Approaching the Himalayas was a bit like riding a roller coaster -- up down, up down, over and over and over. Of course, the general trend was up. Pokhara lies at about 1,000 meters, where I stored my bicycle at a local "hotel" and rented a backpack. I wanted to see if hauling a bicycle over the mountains was even possible, and the best way to do that was on foot. 
Sarangkot lies 1,000 meters straight up from Pokhara, where I got my first glimpse of the Annapurna masif. I had a permit to trek to Annapurna base camp, at almost 5,000 meters, and my plan was to spend about ten days getting there and back.
Things got, well . . . pretty high pretty quick! I had bought some cold weather gear in Pokhara, and I needed every last stitch. Even the sunglasses were an absolute necessity.
I was surprised to meet several other trekkers along the way, and I learned that more than 100 people had started the popular trek to Annapurna base camp that week. A couple of professional rock climbers from Japan snapped these shots.
Things got sort of ugly at the 3,500 meter mark. I later learned it was one of the worst avalanche seasons on record, and nine trekkers died that week on the Annapurna trek. This is a French woman being carried back down by sherpas after breaking her leg.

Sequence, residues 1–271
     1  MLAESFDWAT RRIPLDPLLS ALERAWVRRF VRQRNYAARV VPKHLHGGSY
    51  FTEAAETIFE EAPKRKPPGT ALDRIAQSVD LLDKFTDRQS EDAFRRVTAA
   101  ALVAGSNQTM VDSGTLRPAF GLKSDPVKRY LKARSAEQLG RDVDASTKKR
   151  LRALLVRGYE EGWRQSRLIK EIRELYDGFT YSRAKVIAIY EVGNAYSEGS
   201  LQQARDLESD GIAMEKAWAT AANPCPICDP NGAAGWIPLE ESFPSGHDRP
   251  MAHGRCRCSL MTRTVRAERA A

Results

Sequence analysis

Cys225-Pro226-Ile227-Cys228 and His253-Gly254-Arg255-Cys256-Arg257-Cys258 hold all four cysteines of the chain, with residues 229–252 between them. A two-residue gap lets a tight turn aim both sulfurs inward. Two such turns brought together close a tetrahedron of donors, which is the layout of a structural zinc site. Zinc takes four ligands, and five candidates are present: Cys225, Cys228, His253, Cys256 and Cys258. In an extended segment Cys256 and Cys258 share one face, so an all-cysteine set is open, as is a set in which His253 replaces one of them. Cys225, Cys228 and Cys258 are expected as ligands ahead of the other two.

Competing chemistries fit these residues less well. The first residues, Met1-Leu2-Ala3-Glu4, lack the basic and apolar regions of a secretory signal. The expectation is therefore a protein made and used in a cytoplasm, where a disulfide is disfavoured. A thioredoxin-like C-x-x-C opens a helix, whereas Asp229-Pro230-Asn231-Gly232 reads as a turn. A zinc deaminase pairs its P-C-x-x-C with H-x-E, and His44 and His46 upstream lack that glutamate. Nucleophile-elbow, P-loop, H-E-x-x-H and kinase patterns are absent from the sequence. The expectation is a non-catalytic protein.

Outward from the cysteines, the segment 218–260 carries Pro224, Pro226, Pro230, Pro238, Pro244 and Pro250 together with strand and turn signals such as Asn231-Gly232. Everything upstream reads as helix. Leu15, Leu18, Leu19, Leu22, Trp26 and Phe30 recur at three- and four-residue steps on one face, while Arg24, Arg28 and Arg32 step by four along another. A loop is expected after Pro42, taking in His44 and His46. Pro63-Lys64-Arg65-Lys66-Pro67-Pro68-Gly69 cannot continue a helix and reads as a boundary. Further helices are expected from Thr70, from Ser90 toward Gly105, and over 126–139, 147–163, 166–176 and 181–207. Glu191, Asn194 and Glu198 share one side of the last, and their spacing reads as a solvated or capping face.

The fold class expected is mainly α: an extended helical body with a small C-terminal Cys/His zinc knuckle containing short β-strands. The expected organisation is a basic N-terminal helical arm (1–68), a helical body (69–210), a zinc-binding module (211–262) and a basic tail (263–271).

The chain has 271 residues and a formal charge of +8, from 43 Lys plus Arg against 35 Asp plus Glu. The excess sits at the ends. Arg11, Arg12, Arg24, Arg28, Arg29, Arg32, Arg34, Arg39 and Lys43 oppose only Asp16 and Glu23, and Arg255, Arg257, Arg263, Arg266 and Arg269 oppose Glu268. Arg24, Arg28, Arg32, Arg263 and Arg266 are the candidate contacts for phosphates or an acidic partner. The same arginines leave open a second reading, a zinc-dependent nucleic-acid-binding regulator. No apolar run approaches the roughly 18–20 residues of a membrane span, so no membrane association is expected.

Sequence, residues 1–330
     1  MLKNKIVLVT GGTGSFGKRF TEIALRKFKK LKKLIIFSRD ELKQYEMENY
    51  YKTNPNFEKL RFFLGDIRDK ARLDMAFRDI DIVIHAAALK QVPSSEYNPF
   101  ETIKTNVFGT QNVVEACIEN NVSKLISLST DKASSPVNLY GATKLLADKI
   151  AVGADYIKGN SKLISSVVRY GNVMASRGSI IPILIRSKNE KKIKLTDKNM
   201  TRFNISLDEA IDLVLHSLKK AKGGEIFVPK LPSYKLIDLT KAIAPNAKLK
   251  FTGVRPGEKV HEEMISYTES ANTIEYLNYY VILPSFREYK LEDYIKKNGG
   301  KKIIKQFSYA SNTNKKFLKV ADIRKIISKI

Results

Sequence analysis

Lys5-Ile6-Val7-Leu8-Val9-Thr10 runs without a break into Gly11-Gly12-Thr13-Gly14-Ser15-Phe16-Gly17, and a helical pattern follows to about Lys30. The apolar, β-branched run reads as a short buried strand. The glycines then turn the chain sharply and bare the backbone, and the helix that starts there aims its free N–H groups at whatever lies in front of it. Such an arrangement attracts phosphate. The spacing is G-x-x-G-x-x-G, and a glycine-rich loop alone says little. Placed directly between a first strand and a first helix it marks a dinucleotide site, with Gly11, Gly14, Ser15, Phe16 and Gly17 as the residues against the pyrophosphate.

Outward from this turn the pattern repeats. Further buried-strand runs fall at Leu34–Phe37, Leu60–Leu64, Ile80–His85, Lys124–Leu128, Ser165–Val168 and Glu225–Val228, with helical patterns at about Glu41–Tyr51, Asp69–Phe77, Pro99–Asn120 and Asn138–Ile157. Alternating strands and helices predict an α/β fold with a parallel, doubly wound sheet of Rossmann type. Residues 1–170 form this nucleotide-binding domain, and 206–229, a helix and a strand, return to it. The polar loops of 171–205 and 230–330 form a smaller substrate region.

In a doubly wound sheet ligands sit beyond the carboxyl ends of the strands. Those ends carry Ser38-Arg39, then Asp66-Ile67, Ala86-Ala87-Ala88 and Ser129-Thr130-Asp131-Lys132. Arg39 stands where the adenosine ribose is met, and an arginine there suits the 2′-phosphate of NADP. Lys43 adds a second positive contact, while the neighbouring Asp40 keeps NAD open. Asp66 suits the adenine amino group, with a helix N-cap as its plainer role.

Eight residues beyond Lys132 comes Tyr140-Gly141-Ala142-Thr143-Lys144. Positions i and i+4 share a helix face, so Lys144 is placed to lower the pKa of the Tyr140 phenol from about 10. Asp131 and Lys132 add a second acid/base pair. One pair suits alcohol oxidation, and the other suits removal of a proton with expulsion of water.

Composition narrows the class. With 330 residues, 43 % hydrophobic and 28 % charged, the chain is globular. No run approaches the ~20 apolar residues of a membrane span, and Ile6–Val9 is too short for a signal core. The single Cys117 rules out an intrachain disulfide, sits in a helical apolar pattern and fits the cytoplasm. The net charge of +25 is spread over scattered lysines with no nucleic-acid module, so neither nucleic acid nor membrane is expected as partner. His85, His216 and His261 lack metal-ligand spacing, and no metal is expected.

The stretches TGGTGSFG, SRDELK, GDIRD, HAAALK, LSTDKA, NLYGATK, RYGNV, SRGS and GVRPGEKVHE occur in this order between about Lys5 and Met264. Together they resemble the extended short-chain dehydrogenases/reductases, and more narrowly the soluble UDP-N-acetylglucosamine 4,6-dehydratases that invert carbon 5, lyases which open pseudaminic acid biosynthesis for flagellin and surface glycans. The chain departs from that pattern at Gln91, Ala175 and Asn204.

The crowd thinned out fast. Someone was breaking trail ahead of me, but no more than a few people made those tracks.
And here they are -- three ski instructors from Germany, along with a sherpa they hired to lead the way. They wanted me to know how lucky I was that they broke trail for me.
We stopped for the night at Machapuchare base camp, an altitude of about 4,000 meters, where we were soon joined by the Japanese rock climbers. When I started out the next morning, the others had already begun the last leg up to Annapurna.
I could see their tracks in the snow below me. When I finally caught up to them, they gave me the "breaking trail" speech again.
But . . . upon closer inspection -- that's the sherpa in the lead, followed by the Japanese rock climbers, and the ski instructors are last!
Finally, Annapurna base camp at 4,100 meters. I later learned that, aside from sherpas, only six people arrived at base camp that dreadful avalanche season: three German ski instructors, two professional rock climbers fromTokyo, and one American cyclist.
But the trek showed me the folly of trying to make it through the mountains with a bicycle. Thankfully, I learned of another way. The Karakoram Highway stretches through northern Pakistan, over the Karakoram mountains, then into China. And you don't even need three Germans to break trail!

On to Pakistan